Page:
3. “Woody Waltz” (in the key of G major) is in lilting three-four meter in the mixolydian mode and should be performed in a flowing and rhythmic style. It uses the following syncopated figures: (Ex 3)

 

 

 

 

 

 

 

4. “Groovy Strings” (in the key of C major) should be played with power and movement. Two very effective grand pauses (GP) occur early in the movement and add an element of surprise and tension. This movement is in the mixolydian mode and has a bluesy feel. It uses the following syncopated figures:

 

 

Students are challenged at any level due to the jazz syncopations and use of the keys of C and F. It should be placed in grade level three for these reasons. Synco- pated jazz figures are best taught through physical movement and vocal expres- sion. Here is a useful approach to the teaching of syncopated rhythms: • Write the rhythmic patterns on the board and ask the students to clap and sing the patterns. The “ear to eye” approach works well when learning syncopated figures.

  • Have the students play each rhythmic pattern in unison or in octaves, and keep repeating the rhythmic pattern until the students grasp the concept of the pattern. Have them play rhythmic patterns on the scale tones of the key of the composition.
  • Scramble cue cards and ask students to clap, sing, and play whatever cue card is in view. Students should aim for quick and spontaneous recognition of com- mon syncopated rhythmic patterns. Stringsets is highly recommended for teaching jazz style and common syncopated patterns.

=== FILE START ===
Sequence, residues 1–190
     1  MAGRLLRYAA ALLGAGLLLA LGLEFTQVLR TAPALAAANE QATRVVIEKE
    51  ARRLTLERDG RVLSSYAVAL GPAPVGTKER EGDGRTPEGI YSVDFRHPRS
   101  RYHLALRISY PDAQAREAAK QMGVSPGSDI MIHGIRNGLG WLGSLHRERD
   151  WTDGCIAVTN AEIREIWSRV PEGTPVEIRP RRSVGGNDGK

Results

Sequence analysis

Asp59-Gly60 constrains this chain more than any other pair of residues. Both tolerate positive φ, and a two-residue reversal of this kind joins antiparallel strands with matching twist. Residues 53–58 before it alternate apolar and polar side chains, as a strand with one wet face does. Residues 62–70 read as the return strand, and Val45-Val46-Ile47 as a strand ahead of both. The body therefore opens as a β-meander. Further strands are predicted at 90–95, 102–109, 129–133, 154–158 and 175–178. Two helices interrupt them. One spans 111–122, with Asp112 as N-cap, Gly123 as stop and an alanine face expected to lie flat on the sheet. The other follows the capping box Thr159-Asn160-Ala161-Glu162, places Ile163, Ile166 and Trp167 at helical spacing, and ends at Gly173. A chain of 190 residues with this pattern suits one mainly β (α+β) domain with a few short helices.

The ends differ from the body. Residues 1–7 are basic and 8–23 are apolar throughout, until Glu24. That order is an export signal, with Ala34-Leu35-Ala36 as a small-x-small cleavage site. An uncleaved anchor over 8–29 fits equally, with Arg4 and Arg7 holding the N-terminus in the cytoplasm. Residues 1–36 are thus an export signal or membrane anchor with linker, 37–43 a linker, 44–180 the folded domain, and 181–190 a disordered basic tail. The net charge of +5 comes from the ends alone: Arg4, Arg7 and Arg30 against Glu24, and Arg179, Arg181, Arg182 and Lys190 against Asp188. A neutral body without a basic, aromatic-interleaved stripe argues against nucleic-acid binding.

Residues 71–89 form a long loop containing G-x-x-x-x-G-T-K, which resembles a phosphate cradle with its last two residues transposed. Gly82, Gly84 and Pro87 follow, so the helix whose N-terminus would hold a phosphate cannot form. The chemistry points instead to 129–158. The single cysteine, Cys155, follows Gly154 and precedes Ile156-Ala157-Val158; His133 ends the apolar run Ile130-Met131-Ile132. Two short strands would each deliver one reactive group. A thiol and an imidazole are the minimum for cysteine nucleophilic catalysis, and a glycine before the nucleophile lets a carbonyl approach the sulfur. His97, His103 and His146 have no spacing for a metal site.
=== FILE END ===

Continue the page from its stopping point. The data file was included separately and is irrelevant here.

Music for Piano Quartet (Hal Leonard)

This is an Editio Musica Budapest collection containing music by Mozart, Beethoven, Schubert, Pleyel, Gebauer, Mazas, Hauptmann, and Weber.

A piano quartet is a musical ensemble consisting of a piano and three other instruments. These other instruments are usually a string trio consisting of violin, viola, and cello. These delightful arrangements of the classical masters’ works are advertised as written for string beginners and the parts are all written in first posi- tion. The parts are for violin, viola (violin 2), cello and piano.

The grade three level is realistic since the songs contain syncopated rhythms, sixteenth notes, slurred eighth notes, dotted eighth notes followed by a sixteenth, and a few double stops in the violin parts, with one or two double stops in the cello. The keys used in this collection are G,C, A, Gm, and D. Any departure from the key of D major provides a challenge for most developing string players. Some of the piano parts are a bit more complex than the string parts.

These pieces are enjoyable to play and the musicality of the pieces will chal- lenge most players.

Other Selections for Chamber Groups

Album of Easy String Quartets, Volume One (Kalmus Music)